Giovanni Domenico Cerrini

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Self-portrait of Giovanni Domenico Cerrini (detail from Allegory of painting, c.1639). Giovanni Domenico Cerrini.jpg
Self-portrait of Giovanni Domenico Cerrini (detail from Allegory of painting, c.1639).

Giovanni Domenico Cerrini (1609–1681), also called Gian Domenico Cerrini or il Cavalier Perugino, was a painter of the Baroque period, born in Perugia and active mainly in Rome and influenced in large part by painters of the Bolognese School.

Baroque cultural movement, starting around 1600

The Baroque is a highly ornate and often extravagant style of architecture, music, painting, sculpture and other arts that flourished in Europe from the early 17th until the mid-18th century. It followed the Renaissance style and preceded the Rococo and Neoclassical styles. It was encouraged by the Catholic Church as a means to counter the simplicity and austerity of Protestant architecture, art and music, though Lutheran Baroque art developed in parts of Europe as well. The Baroque style used contrast, movement, exuberant detail, deep colour, grandeur and surprise to achieve a sense of awe. The style began at the start of the 17th century in Rome, then spread rapidly to France, northern Italy, Spain and Portugal, then to Austria and southern Germany. By the 1730s, it had evolved into an even more flamboyant style, called rocaille or Rococo, which appeared in France and central Europe until the mid to late 18th century.

Perugia Comune in Umbria, Italy

Perugia is the capital city of both the region of Umbria in central Italy, crossed by the river Tiber, and of the province of Perugia. The city is located about 164 kilometres north of Rome and 148 km southeast of Florence. It covers a high hilltop and part of the valleys around the area. The region of Umbria is bordered by Tuscany, Lazio, and Marche.


Cerrini initially apprenticed under Giovanni Antonio Scaramuccia, then in 1638 moved into the Roman studio of Guido Reni. He was anyway strongly influenced also by Lanfranco, Guercino, Domenichino and Andrea Sacchi. He was patronized by the family of Cardinal Bernardino Spada. Cardinal Giulio Rospigliosi gave him the commission to decorate the cupola of Santa Maria della Vittoria (1654–1655).

Giovanni Antonio Scaramuccia (1580–1633) was an Italian painter, active mainly in Rome and Perugia.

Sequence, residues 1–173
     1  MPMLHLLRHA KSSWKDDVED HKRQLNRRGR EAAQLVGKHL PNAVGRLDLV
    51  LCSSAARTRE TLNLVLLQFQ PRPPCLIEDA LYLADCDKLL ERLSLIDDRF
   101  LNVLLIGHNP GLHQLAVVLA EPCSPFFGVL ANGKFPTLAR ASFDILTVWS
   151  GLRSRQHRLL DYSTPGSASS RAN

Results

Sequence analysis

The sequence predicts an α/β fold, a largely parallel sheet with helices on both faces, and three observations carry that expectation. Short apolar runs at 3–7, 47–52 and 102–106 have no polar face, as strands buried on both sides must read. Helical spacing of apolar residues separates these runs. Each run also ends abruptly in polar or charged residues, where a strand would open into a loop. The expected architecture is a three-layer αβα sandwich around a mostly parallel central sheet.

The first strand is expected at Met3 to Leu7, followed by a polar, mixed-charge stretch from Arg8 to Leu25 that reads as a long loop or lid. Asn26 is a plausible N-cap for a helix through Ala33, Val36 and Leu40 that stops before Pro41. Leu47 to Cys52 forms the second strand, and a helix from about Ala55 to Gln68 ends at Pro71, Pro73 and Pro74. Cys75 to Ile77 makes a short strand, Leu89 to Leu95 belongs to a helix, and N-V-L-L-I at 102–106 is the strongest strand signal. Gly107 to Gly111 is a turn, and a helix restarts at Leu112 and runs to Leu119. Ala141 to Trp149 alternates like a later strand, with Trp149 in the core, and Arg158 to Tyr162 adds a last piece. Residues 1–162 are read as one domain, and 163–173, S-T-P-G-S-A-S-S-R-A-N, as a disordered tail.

Guido Reni 17th-century Bolognese painter

Guido Reni was an Italian painter of the Baroque period, although his works showed a classical manner, similar to Simon Vouet, Nicholas Poussin and Philippe de Champaigne. He painted primarily religious works, but also mythological and allegorical subjects. Active in Rome, Naples, and his native Bologna, he became the dominant figure in the Bolognese School that emerged under the influence of the Carracci.

Giovanni Lanfranco was an Italian painter of the Baroque period.

Apollo and the Cumaean Sibyl (detail). Cerrini-apollo.jpg
Apollo and the Cumaean Sibyl (detail).

Paintings of his can be found in many of the churches of Rome, where he died, including Santa Maria in Traspontina, San Carlino alle Quattro Fontane, Santa Maria in Vallicella, San Carlo ai Catinari, Santissimo Sudario dei Piemontesi, Sant’Isidoro, as well as in Galleria Colonna, Palazzo Spada, and the Palazzo Corsini art gallery.

Santa Maria in Traspontina church building in Rome, Italy

Santa Maria in Traspontina is a Carmelite church in Rome, Italy. The shrine lies on the Via della Conciliazione, the main road of the Rione Borgo.

Santa Maria in Vallicella church building in Ponte, Italy

Santa Maria in Vallicella, also called Chiesa Nuova, is a church in Rome, Italy, which today faces onto the main thoroughfare of the Corso Vittorio Emanuele and the corner of Via della Chiesa Nuova. It is the principal church of the Oratorians, a religious congregation of secular priests, founded by St Philip Neri in 1561 at a time in the 16th century when the Counter Reformation saw the emergence of a number of new religious organisations such as the Society of Jesus (Jesuits), the Theatines and the Barnabites.

San Carlo ai Catinari church building in Rome, Italy

San Carlo ai Catinari, also called Santi Biagio e Carlo ai Catinari is an early-Baroque style church in Rome, Italy. It is located on Piazza Benedetto Cairoli, 117 just off the corner of Via Arenula and Via dei Falegnami, a few blocks south of the church of Sant'Andrea della Valle.

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